It’s not always easy to get a spotless bathroom. You’ll need a variety of cleaning tools and supplies in addition to lots of physical movement. Cleaning the bathroom is far less of a hassle than you may have imagined with our helpful advice on where to keep your cleaning materials.
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What’s the Goal Here?
Over the years, I’ve experimented with a few different systems for storing my bathroom cleaning supplies. These concepts, however, have emerged as the most important to me as I’ve developed a system:
It has to hold everything.
When you’re ready to clean your bathroom, it’s maddening if you have to run around your house to round up cleaning supplies! I’d want to have everything I need in one convenient location.
It has to be portable.
Moving about is an essential part of cleaning a bathroom. It’s a multi-step process involving the sink, bathtub, mirrors, and so on. You’ll also want an easy way to move your cleaning supplies between bathrooms if you have more than one in your home.
It has to be easy to use.
I need something I can just grab and go. When my hands are already soiled with soap, the last thing I want to do is rummage around for a scrub brush. I’d also like it to be easy for anyone in the house to use my setup without a lot of handholding from me.
It has to be storable.
It is crucial for me to be able to swiftly and efficiently cram my system into a closet or a cupboard under my bathroom sink.
Tips For Storing Bathroom Cleaning Supplies
Bathroom cleaning is difficult; it’s a fact. However, there are means to lessen the burden. How much time would you save if you knew where to put the bathroom cleaning supplies?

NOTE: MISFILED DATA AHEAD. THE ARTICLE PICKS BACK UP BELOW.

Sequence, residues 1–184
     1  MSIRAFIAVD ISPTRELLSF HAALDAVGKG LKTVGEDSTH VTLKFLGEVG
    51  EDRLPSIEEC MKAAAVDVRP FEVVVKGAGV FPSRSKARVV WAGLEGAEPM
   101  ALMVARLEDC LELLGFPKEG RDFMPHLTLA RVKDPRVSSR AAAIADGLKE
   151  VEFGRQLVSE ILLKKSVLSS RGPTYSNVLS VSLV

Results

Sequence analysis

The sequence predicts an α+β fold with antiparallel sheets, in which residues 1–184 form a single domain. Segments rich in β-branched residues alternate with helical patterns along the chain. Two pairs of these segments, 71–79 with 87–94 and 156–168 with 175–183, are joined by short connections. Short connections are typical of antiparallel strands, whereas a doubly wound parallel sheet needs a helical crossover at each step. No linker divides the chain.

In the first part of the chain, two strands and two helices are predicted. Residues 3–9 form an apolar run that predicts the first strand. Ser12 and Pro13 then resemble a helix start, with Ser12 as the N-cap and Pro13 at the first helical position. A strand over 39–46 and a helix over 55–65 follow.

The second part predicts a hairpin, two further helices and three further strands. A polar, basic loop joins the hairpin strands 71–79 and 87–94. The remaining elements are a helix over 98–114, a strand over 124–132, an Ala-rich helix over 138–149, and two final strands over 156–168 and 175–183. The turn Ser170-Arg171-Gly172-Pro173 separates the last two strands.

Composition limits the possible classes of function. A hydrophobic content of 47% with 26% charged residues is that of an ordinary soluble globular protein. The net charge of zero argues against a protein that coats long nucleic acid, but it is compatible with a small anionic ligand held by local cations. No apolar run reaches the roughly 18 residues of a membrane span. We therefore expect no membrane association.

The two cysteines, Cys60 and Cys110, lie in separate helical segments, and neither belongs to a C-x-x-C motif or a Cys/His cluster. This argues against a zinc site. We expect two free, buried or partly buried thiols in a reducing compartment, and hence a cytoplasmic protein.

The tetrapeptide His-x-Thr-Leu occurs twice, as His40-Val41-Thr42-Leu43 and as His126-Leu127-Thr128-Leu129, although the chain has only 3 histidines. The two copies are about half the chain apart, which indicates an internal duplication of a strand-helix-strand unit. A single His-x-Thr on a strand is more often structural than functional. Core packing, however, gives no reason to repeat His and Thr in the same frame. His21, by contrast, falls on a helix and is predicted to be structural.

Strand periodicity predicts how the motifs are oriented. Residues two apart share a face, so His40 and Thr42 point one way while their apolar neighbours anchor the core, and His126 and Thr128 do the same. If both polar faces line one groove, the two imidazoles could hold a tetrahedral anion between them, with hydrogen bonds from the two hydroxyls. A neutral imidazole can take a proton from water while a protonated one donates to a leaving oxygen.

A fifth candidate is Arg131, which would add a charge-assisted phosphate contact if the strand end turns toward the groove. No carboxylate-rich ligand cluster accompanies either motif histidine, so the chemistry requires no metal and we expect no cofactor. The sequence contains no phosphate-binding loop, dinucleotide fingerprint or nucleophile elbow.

Organizing your cleaning materials the right way:
- It’s a good idea to keep all of your bathroom cleaning materials in the same place. Pick up the bag and get ready to clean! There’s no point in switching between different types of cleaning products.
- How many loos do you intend to disinfect? In a perfect world, cleaning up after simply one bathroom would be sufficient. However, we all know that isn’t necessarily the case. Most modern houses feature many loos. Additionally, all of your bathroom cleaning materials should be lightweight and easily transportable.
- Everyone in your household should be able to use the toilet paper and paper towels you keep there. Other group members should be able to access and use your storage space with minimal effort.
- To keep your cleaning materials organized, you’ll need a place to keep them all. It’s also important to have a secure location for your restroom necessities. It’s preferable if the box or container isn’t too big, so it may be stored in a tight spot like a bathroom cabinet or linen closet.
Things You Need For Storing Bathroom Cleaning Supplies
- Pick a suitable container — picking the proper container is the key to successful storage. We advise investing in a caddy of adequate size to carry all of your equipment.
- To wipe using a microfiber cloth
- Protection from the elements with rubber gloves.
- Bathroom brush
- Edge cleaner
- Bathtub brush
- Deodorizer for the bathroom
- Cleaning fluid for glass surfaces
- Shower purifier
Other Ways Of Storing Bathroom Cleaning Supplies